Time for a minimum standards model for SA local government?

Feb 04, 11 Time for a minimum standards model for SA local government?

In 2009, 77.3% of registered voters in South Africa cast their votes in national and provincial elections. In the 2006 local government elections, this figure was 48.4%. Less than half the country. Despite high voter-turnout for national polls, the IEC’s basic target for this year’s municipal elections is 40%. What appears to be a thriving democracy on a national scale degenerates into something that isn’t when it comes to municipal elections. Something is wrong with South Africa’s local government system.

This is particularly problematic because SA’s local government system is heavily dependent on engagement and participation. The Integrated Development Planning system means that plans, priorities and budgets can only be set through local-level consultative processes, with ratification by local and district councils. The system is structured so that accountability is, necessarily, an on-going process where voters/citizens/residents must attend meetings, contribute to planning, read documents and track performance. If South Africans aren’t even showing up once every 5 years vote, is it perhaps time to consider a simpler system that will ask less from what appears to be an apathetic (or perhaps disillusioned) local citizenry?

The obvious alternative would be to have a minimum service package that can be monitored nationally, while still allowing municipalities to go beyond the minimum if they have the money, mandate and inclination.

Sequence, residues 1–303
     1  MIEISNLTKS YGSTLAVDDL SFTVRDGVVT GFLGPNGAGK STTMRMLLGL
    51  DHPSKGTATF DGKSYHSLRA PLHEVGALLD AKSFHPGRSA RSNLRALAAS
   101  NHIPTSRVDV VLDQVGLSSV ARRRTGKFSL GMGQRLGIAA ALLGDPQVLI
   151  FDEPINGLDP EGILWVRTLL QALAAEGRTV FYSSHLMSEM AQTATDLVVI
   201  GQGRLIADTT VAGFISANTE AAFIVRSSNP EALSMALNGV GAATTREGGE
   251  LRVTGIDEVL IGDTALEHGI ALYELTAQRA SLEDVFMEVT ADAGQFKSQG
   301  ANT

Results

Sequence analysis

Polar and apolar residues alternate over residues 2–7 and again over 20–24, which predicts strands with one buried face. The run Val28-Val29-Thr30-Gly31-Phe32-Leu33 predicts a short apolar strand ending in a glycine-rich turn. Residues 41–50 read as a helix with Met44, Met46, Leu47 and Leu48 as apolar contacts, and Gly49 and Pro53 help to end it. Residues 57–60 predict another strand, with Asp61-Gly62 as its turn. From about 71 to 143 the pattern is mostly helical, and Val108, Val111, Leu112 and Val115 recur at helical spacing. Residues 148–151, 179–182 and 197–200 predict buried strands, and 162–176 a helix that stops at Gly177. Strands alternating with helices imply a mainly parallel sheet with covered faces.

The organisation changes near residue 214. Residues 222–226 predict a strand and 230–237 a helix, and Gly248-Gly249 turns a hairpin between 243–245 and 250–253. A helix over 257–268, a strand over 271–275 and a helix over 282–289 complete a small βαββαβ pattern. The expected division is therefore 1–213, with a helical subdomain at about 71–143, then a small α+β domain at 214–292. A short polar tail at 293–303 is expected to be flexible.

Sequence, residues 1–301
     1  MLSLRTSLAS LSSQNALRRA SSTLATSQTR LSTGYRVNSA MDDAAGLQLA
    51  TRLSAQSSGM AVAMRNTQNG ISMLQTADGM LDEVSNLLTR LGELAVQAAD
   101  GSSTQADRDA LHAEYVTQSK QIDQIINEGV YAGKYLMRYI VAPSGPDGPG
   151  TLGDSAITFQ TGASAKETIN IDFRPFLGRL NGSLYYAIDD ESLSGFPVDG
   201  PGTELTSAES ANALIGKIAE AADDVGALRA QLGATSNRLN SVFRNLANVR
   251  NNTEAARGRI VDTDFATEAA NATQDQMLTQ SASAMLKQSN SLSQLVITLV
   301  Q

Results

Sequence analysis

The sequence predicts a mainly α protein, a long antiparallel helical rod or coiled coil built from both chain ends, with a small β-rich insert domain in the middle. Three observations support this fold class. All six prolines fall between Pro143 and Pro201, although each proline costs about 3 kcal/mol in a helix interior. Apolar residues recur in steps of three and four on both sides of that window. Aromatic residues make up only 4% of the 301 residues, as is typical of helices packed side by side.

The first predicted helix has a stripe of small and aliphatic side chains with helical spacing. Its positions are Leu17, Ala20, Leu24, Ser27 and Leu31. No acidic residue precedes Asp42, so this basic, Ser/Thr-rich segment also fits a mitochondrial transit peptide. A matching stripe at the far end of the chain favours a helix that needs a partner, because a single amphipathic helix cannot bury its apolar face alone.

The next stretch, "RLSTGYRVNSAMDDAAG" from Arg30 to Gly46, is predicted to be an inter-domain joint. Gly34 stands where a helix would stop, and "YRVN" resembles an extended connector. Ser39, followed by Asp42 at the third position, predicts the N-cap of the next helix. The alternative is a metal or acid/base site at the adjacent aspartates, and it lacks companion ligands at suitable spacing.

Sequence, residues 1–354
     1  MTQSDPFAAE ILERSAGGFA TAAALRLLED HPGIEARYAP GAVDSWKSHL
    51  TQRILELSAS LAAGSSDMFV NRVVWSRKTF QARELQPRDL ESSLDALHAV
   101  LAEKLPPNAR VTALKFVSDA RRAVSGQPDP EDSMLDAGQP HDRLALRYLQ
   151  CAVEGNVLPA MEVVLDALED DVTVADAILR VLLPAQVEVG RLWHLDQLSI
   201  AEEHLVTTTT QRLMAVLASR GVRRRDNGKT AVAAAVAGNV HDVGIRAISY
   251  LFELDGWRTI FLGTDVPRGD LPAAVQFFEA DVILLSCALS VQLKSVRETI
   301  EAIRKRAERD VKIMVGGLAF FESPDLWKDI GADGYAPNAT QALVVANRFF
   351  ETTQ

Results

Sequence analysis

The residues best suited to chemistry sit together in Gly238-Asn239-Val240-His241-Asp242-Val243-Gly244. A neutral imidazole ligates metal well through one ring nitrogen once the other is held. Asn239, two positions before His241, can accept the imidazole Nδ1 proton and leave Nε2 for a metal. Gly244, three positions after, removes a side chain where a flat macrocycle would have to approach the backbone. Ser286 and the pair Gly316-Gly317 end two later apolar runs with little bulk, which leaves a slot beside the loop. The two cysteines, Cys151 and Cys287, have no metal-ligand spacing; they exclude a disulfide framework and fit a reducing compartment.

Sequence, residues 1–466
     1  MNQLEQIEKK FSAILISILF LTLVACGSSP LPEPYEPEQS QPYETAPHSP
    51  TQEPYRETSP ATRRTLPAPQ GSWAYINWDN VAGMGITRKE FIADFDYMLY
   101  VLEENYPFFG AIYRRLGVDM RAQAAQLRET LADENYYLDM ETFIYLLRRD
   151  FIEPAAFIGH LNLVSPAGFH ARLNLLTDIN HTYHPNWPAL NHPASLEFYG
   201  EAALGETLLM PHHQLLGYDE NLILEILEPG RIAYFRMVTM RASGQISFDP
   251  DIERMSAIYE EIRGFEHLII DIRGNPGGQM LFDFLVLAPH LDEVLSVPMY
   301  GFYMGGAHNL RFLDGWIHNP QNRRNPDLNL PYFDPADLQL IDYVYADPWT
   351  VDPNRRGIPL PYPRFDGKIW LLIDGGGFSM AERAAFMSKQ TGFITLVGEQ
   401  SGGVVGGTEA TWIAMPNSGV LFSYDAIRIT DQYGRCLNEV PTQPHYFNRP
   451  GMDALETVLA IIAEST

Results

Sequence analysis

A minimum standards system would define (probably with a national average) what every municipality is required to provide (funds allowing) to each household based on predetermined standards and cost-limits. The package of services might include requiring all municipalities to complete maintenance and rehabilitation on a set percentage of their kms of road every year, that a certain minimum amount of money must be spent on maintenance of water-purification works and/or that houses and flush toilets must be delivered to ‘x’ new households each year.

This approach has some clear advantages. Minimum service delivery standards mean that municipalities are pushed to provide the same standards, at the same level of service, to every household. Each household within a municipality knows exactly what to expect. Also, all municipalities across the country are attempting to provide the same services. Budgets and the amounts municipalities should be spending can be (relatively) easily calculated based on fixed formulae. This may help with the financial mismanagement that saw, for the 2008/2009 financial year, only 6 out of 247 audited municipalities achieving a clean audit. The skills required for this type of municipal service-delivery are easier to define and monitor than in the current system where municipal staff are often expected to be experts in everything from community development and public consultation to water purification and event management.

Of course, there are disadvantages. Without a local planning process, some local issues may not get the attention that people feel they should. A minimum standards model disincentivises municipalities that are already going beyond average national service levels. The system does not prevent blatant corruption and misappropriation of funds. The attention of municipalities may be completely redirected away from public consultation and celebrating Heritage Month to focus only on the delivery of these services.

This isn’t the ideal system. In a perfect world, consultative, integrated development planning would be better. But South Africa clearly isn’t a perfect world. Consultation and local control are important but lack of engagement in local government processes, low voter turnout and service-delivery protests suggest that simple provision of basic services might be more important to the people right now.